• Jeremy Brereton

    Why don’t we just cut their income by 5% across the board and pump that directly into the education system. I’d say that would more than compensate for the lack of funding which by the way is absolutely disgraceful.

  • rjb

    How about the legislaturetakes the 1/2 billion to move the prison and spend it on education. Then no tax increase is required.

  • bob

    imagine how much could be funded if the LDS Profit Church allowed the state to have a lottery? Every other state uses lotto proceeds to fund education…

  • sundee

    Please no more taxes. Everytime out state has a surplus they give it to educators. I’ve had kids in public education for twenty five years and they’ve given money to education over and over. And the education hasn’t improved. If you want to improve education, give the parents their tax dollars and open education to a free market. That’s what will improve education.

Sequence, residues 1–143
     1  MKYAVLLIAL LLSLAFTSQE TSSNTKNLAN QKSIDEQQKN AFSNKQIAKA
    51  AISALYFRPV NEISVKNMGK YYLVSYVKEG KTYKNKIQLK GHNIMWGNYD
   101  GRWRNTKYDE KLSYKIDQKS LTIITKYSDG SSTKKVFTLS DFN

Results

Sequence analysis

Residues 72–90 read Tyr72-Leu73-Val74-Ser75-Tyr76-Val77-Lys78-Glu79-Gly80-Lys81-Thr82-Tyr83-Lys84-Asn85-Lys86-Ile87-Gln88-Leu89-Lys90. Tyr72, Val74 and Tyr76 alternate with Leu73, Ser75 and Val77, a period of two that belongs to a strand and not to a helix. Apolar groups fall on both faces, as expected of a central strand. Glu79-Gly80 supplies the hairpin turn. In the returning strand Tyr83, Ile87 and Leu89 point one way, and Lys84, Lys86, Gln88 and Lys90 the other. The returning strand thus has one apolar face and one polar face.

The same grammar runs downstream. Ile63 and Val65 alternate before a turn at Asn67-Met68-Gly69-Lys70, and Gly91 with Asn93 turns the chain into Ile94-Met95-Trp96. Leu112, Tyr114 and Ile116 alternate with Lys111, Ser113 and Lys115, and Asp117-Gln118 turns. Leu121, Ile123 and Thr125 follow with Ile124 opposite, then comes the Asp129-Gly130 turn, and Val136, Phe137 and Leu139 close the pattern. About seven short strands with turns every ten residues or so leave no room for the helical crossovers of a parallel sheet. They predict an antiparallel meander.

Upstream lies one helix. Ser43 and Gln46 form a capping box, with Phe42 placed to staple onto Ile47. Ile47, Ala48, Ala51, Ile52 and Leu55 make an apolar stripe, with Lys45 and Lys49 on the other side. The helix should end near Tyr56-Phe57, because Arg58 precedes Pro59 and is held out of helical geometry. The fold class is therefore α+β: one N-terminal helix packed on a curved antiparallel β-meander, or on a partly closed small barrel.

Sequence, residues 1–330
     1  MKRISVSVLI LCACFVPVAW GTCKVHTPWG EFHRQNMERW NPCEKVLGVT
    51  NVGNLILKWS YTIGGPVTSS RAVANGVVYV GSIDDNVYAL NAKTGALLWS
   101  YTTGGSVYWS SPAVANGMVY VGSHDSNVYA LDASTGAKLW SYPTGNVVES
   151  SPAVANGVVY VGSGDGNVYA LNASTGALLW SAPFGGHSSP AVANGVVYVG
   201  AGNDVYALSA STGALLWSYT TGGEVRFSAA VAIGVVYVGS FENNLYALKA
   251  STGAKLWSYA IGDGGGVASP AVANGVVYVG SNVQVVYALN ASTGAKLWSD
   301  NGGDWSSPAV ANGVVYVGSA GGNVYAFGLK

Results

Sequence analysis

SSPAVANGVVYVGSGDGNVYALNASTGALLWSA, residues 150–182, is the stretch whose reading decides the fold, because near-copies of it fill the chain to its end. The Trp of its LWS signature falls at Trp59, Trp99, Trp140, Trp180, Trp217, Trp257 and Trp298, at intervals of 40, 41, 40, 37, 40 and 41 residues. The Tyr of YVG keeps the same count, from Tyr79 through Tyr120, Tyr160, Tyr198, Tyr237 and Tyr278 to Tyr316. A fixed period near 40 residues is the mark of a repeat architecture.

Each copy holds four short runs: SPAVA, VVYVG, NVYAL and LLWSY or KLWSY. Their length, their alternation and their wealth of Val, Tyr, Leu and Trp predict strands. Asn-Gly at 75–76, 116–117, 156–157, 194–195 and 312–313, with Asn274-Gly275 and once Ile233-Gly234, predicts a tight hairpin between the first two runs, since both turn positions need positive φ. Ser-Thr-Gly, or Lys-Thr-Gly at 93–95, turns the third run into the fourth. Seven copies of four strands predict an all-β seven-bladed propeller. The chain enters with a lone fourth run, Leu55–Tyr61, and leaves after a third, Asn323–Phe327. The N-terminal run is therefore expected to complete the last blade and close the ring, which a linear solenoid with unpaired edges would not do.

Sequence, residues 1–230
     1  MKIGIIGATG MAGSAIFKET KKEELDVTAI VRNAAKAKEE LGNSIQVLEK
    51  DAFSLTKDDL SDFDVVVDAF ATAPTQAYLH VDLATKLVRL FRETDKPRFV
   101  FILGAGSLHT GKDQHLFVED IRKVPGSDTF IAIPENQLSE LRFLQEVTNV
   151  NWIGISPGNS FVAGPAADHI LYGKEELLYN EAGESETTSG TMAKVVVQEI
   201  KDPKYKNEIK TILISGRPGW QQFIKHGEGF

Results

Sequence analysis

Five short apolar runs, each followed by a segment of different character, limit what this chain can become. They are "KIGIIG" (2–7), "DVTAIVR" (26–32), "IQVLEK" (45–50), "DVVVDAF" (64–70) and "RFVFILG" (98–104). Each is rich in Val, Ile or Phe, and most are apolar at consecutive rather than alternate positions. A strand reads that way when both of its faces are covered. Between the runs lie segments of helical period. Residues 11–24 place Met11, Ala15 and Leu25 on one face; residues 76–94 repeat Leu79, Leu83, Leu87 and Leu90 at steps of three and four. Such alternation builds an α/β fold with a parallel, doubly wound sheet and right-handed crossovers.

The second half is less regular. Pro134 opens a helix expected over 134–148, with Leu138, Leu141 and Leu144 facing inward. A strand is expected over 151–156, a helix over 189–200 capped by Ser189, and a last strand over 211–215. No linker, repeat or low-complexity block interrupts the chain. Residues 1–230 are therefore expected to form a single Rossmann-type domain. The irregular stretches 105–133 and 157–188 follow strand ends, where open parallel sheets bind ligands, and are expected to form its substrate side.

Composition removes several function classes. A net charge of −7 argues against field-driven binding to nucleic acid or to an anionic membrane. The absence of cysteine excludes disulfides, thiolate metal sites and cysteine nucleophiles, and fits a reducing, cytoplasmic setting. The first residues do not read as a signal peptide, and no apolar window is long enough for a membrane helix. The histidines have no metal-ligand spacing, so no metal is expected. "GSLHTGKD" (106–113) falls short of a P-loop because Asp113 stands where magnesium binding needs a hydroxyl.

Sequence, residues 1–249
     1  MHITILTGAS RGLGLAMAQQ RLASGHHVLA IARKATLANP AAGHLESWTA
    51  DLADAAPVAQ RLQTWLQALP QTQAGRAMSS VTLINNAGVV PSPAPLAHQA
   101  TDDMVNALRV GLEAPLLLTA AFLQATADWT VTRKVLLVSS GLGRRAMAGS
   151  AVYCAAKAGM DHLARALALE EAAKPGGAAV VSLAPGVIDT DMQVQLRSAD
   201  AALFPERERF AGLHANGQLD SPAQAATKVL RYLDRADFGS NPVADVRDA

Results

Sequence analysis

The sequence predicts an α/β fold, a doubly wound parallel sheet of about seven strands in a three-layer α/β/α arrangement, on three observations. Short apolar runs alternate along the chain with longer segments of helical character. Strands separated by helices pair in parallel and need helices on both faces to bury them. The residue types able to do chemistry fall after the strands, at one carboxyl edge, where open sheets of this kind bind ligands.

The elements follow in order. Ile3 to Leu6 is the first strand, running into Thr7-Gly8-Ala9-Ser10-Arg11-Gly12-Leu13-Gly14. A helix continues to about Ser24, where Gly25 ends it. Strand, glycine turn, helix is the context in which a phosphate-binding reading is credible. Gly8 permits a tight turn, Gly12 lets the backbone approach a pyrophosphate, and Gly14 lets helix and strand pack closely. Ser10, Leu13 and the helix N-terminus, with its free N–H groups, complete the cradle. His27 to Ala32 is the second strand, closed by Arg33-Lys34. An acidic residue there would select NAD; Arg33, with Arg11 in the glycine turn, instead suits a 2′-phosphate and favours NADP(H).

• mary

    I think this is such nonsense. .raise taxes is a bad idea..we pay so much as it is…the government charges our kids to go to a “public school” where it’s supposed to be free then on top of that they charge us school levy fees through our property tax..we r paying so much money every year and the government needs more for schools?..how about the legislatures stop taking our kids school funds and using it for them and start using the taxes they already charge each one of us to the schools where there supposed to be at. We as parents, citizens , and our children have to suffer due to lack of the government spending and it’s not fair nor Is it right..raising taxes is just another excuse for the government officials to receive more money for themselves and not the schools.